If Mack Wilds’ goal was to capture a distinct Big Apple vibe on his debut album, New York: A Love Story, then the actor-turned-hip-hop-singer has pole-vaulted over the bar he set for himself. Mack — who’s better known as Tristan Wilds — has natural talent, but watching others go from the screen to the studio helped him in his transition.
“I think with Drake, it definitely made me know, ’OK, there is nothing that could stop me,’ ” Mack said when he visited “RapFix Live” on Wednesday. “But I think honestly, the person that inspired me the most — and a lot of people don’t remember this — who was an actress and then became a singer/rapper was Lauryn Hill.”
Lauryn landed a breakout role alongside Whoopi Goldberg in 1993’s “Sister Act 2.” By the following year though, she and the Fugees were releasing Blunted on Reality, their debut album. Hill, who was released from federal prison on Friday (October 4) after serving three months on tax charges, went on to have an illustrious career before moving away from the spotlight.
But like Hill did with the Fugees and her 1998 classic solo debut, Mack lays smooth melodies over hard-core hip-hop tracks. And like L-Boogie, when the mood strikes, Mack spits some choice raps. “Watching her do it was immaculate, and then her singing and rapping was so effortless,” he told “RapFix Live” host Sway.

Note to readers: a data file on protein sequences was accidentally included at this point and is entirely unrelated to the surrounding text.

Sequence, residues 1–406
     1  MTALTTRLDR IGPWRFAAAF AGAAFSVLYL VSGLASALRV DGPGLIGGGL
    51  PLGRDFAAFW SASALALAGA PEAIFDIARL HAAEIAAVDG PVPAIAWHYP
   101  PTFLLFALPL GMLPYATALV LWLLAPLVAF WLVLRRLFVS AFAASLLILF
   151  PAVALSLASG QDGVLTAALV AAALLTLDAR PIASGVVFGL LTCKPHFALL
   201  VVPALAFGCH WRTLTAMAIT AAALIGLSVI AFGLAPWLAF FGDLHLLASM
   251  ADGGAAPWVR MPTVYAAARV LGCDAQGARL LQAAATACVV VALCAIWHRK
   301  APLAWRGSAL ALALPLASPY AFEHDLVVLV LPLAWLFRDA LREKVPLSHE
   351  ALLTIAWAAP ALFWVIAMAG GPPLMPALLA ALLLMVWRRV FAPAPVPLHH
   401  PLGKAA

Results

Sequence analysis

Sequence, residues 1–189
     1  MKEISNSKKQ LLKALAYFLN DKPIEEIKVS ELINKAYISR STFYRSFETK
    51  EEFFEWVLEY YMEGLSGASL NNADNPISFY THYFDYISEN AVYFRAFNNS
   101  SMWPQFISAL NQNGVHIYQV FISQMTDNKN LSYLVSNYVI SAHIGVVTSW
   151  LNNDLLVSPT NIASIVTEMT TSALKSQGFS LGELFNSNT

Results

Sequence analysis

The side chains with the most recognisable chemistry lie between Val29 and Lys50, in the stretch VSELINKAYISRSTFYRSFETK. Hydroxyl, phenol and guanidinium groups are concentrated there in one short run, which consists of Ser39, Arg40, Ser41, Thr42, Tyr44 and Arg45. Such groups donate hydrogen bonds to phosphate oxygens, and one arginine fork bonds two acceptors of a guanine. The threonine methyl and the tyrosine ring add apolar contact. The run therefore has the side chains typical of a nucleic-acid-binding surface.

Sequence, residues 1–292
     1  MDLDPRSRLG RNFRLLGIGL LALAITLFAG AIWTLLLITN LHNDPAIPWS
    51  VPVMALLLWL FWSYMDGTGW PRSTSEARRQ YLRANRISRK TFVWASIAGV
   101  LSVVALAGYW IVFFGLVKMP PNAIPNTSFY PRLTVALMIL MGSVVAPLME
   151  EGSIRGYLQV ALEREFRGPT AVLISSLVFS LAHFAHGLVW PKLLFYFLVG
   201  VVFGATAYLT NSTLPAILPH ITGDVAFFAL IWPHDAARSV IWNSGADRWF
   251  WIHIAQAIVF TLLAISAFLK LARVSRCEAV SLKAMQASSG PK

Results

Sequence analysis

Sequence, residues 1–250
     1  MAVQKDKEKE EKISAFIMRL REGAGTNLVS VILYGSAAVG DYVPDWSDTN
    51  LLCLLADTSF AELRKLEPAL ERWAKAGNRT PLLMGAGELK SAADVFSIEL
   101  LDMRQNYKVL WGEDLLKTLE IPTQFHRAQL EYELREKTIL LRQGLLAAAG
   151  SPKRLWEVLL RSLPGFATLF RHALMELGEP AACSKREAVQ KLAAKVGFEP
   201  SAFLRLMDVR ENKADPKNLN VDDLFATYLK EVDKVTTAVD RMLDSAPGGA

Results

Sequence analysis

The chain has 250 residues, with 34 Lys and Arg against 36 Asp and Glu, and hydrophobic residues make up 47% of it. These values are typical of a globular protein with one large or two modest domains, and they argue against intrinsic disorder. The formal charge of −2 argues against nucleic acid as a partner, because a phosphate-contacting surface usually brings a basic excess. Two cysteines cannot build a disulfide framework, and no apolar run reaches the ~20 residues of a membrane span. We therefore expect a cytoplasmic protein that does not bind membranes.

Love Story opens with “Wild Things,” a proud boast that samples Wu-Tang Clan and features new vocals from the group’s Method Man. The album’s lead single, “Own It,” reinvents the thump of Eric B. & Rakim’s 1986 classic “Eric B. Is President” to create a playground for Mack to seduce his dream girl: “Tell me where you wanna go/ What you want to do.”
Under the guidance of veteran producer Salaam Remi (Nas, Amy Winehouse, Miguel), Mack linked with a who’s who of producers, including DJ Premier, Pete Rock and Mobb Deep’s Havoc. Those beat gods helped recreate a 1990s New York feel. With tracks like the Jay Z-inspired “My Crib” and the boom-bap-laced “Keepin’ It Real,” Mack may be doing more to preserve that culture than most of NYC’s current rap crop.
“I just remembered New York summertimes as something, literally, that movies were made out of,” he explained, before illustrating a few local details. “Just the feeling of sitting on a stoop, drinking a quarter water, eating a dollar slice of pizza — there is nothing like that.
“Everybody has their summer story, but New York sounds and feels completely different from everybody else’s. I just wanted to recreate that,” Mack added. “I wanted to recreate the feeling and sounds of New York.”